Rather than repeat myself, If you read my review of the SW320 you will find a link to a video that goes into more detail about the Palette Master software.Driving a 4K UHD Display – I tested the SW271 with both a 2013 6-core Mac Pro with 64 gigabytes of RAM and dual AMD FirePro 500 video cards and a late 2013 15” MacBook Pro with an NVIDIA GeForce GT 750M 2048 MBMB and both were able to drive the display at its full native resolution. Like my tests on the SW320, I did notice the fan kick in more often on the MacBook Pro when driving the SW271 than with the previous SW2700PT. This is to be expected as the video card is being driven harder with the higher resolution display. There were however no ill side effects and system performance and speed appears unaffected in general day-to-day use. In general, there is now more software on the market that properly supports 4K displays and there have been numerous updates to both Apple and Windows operating systems for better 4k compatibility and performance. BenQ do publish a compatibility guide for the SW271 on their website HERE.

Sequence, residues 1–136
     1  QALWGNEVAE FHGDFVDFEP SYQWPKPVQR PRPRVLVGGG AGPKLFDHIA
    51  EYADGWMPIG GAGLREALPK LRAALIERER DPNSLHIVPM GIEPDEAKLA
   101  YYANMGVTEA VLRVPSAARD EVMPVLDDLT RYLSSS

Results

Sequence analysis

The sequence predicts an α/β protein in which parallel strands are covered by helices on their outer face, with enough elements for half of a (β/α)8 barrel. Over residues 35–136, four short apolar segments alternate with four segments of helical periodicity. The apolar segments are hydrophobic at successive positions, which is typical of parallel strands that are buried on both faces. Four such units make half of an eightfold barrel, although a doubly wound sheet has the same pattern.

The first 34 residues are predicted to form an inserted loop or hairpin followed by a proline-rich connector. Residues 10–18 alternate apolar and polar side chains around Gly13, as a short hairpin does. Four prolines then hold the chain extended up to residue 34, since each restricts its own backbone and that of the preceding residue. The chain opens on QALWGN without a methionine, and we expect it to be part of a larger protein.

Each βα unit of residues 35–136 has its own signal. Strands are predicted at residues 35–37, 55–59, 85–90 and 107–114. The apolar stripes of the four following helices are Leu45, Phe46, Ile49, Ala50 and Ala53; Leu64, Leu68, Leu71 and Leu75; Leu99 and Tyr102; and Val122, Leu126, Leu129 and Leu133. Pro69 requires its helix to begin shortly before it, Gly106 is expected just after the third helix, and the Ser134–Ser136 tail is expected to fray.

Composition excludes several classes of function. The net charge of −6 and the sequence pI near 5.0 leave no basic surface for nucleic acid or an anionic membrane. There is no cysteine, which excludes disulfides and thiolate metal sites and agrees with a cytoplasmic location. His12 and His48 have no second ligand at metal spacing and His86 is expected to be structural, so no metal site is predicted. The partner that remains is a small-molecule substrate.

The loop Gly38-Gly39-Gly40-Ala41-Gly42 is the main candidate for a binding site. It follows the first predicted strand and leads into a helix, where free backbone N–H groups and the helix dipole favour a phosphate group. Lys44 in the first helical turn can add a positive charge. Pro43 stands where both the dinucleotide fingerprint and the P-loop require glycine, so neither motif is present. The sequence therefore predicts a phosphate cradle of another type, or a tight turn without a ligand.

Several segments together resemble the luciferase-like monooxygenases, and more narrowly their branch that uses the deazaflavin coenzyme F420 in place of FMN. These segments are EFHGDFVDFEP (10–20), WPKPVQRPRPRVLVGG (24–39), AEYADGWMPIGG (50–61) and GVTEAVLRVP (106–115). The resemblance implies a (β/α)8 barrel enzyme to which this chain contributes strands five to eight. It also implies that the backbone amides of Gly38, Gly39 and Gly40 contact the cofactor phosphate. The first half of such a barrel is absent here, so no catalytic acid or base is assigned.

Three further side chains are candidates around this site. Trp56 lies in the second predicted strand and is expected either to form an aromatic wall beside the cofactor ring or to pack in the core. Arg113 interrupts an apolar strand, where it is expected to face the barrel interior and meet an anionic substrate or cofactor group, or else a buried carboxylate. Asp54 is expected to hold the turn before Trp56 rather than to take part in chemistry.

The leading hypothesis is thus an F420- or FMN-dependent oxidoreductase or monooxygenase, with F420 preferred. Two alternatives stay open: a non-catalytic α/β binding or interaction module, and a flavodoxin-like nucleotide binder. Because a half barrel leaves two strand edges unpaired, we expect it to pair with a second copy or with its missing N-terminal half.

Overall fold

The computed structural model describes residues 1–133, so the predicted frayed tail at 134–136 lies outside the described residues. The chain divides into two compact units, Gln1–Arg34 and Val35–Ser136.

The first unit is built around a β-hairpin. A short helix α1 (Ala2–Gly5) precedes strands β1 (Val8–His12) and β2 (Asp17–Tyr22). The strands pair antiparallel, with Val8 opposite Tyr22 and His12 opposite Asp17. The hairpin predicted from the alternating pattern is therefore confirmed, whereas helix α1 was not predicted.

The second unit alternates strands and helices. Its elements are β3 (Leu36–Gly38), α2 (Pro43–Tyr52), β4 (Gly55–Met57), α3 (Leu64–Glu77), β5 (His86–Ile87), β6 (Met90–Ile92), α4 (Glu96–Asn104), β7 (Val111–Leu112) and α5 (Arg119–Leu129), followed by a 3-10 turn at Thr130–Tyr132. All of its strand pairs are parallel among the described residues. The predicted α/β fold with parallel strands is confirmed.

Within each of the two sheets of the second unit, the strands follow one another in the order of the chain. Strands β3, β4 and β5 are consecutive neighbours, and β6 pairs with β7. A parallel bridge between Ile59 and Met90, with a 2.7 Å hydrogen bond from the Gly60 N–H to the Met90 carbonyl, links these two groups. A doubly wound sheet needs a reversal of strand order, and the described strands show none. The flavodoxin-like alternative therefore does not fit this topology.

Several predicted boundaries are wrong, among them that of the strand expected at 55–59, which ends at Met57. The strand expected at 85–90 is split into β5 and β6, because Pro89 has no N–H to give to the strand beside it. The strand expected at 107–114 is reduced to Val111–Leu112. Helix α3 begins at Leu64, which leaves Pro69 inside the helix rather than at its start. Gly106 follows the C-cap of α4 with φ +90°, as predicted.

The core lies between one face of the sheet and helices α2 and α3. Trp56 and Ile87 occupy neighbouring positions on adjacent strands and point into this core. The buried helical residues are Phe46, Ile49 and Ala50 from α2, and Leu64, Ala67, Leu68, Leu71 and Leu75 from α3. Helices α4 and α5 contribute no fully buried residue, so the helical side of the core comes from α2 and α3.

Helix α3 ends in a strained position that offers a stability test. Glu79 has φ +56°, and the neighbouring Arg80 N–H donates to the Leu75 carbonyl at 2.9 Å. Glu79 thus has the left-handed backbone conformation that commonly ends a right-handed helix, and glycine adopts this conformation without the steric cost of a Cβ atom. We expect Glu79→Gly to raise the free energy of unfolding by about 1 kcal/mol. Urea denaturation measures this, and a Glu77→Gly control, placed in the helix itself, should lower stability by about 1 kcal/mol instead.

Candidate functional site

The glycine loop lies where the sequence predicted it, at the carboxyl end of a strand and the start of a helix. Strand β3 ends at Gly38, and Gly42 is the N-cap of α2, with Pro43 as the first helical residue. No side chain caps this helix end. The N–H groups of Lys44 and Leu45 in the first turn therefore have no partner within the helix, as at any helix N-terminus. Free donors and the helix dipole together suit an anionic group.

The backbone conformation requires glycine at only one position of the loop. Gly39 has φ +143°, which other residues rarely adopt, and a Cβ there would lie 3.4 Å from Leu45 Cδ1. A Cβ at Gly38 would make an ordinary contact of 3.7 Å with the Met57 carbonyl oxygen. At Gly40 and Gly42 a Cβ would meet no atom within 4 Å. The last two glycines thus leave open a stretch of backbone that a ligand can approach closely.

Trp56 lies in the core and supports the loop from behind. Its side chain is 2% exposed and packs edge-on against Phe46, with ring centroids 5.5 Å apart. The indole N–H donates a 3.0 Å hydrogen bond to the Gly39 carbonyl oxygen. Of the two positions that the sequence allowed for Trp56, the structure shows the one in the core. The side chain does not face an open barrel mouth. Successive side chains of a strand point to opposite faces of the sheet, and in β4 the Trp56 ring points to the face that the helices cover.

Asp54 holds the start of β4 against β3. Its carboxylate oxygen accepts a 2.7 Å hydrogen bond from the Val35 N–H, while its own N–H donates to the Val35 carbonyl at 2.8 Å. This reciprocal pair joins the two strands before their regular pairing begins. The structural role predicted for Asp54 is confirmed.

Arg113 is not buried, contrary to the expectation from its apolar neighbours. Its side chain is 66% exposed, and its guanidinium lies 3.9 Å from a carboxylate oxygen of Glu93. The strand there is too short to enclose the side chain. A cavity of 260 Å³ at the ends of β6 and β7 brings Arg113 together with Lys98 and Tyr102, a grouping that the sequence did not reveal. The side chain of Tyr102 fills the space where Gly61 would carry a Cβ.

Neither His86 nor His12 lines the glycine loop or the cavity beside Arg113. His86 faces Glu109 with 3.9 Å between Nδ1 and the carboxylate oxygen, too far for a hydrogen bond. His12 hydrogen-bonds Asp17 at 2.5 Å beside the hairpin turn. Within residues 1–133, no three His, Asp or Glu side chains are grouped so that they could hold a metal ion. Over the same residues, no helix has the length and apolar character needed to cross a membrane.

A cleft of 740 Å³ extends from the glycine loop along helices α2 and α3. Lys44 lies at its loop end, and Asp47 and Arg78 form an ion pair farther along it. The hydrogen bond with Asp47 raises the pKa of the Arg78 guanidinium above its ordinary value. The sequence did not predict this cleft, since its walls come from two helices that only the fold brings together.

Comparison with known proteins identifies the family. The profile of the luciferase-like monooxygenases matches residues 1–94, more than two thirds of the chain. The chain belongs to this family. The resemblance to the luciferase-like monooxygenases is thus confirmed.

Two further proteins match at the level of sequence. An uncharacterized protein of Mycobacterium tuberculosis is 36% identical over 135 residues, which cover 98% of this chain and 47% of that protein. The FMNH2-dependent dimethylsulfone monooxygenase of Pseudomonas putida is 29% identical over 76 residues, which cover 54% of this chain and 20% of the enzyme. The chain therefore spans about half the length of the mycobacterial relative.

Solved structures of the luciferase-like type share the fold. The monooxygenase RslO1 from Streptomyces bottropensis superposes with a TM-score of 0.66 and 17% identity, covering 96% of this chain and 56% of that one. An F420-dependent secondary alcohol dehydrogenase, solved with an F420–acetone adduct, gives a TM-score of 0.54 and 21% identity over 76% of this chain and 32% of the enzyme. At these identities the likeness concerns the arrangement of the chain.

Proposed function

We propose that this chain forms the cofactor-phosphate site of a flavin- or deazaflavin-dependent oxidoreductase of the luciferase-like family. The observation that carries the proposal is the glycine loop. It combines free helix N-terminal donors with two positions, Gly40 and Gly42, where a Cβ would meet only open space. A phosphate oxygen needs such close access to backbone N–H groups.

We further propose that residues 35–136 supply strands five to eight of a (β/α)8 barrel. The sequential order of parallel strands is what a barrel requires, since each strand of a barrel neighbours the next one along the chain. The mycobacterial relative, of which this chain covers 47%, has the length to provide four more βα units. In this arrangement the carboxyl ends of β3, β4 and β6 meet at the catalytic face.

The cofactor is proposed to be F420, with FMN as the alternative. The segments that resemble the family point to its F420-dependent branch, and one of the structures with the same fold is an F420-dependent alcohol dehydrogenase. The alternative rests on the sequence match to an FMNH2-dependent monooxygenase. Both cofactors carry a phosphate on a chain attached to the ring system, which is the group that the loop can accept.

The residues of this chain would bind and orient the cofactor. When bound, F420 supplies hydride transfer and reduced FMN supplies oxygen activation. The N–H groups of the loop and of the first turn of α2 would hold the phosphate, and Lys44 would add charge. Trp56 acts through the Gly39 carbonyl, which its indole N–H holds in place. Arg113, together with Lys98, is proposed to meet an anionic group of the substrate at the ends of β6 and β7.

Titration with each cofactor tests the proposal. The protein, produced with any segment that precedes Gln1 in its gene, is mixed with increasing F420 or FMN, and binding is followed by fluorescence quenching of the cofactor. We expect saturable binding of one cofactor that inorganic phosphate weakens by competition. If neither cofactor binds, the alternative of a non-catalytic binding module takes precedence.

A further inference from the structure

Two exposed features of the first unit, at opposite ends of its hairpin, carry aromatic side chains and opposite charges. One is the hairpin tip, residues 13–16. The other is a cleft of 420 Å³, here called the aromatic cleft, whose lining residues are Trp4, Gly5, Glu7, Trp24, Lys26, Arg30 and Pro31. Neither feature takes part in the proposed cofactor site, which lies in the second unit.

Advanced Black and White Mode – The BenQ SW271 also includes an advanced Black and White mode that allows you to view your photos in a black and white film effect. You can choose from three different black and white presets to preview your photographs in before you perform actual adjustments in Lightroom or other image editing applications. I am not a black and white photographer so I didn’t test this feature other than to quickly check it actually functions as advertised; which it does. Black and White photographers should definitely test this feature to see if it fits within their workflow.Gamut Duo – Matching its larger sibling like-for-like, the BenQ SW271 is likewise equiped with a feature BenQ call GamutDuo. GamutDuo enables you to view content simultaneously on the screen in different colour spaces side-by-side for easy comparison. I found this new feature quite useful to soft proof images going from Adobe RGB colour space to SRGB for the web. By viewing the two images side by side it is very easy to see the differences. Users who have to re-purpose their photographs for different colour spaces are likely to find this a very useful feature. To activate the GamutDuo feature you switch to PIP/PBP mode.Hotkey Puck – Like both the previous generation BenQ SW2700PT, and the 4K BenQ SW320, the SW271 ships with a Hotkey Puck that allows the user to switch between Adobe RGB mode, sRGB mode and Black & White modes with ease. The hot key buttons can also be customised to map other modes or OSD settings, such as brightness and contrast to bring added convenience to photographers. The Hotkey Puck is a nice addition and it is worth taking a bit of time to properly understand its uses and how it might save you time in your own workflow.4K Display Comparisons – Comparisons between the previously reviewed BenQ SW320 and the SW271 are going to be inevitable so lets get those out of the way (since I have both displays side by side in my studio). Perhaps most importantly there is the obvious size difference between these two displays and the corresponding price differential. Whilst the SW320 offers a 31.5” panel, the SW271 comes in at a more modest 27”; which I suspect may be a more convenient size for many people and most office / studio spaces. Side by side there is quite a noticeable difference in their physical size. The SW320 includes a larger bezel and as such appears significantly larger. The SW271 with its much slimmer bezel does present itself with a more edge to edge finish and as such does make the SW320 look somewhat dated in its design. In terms of price the SW320 can be purchased for around $1,500 USD. The SW271 again comes in at a more modest $1,100 USD.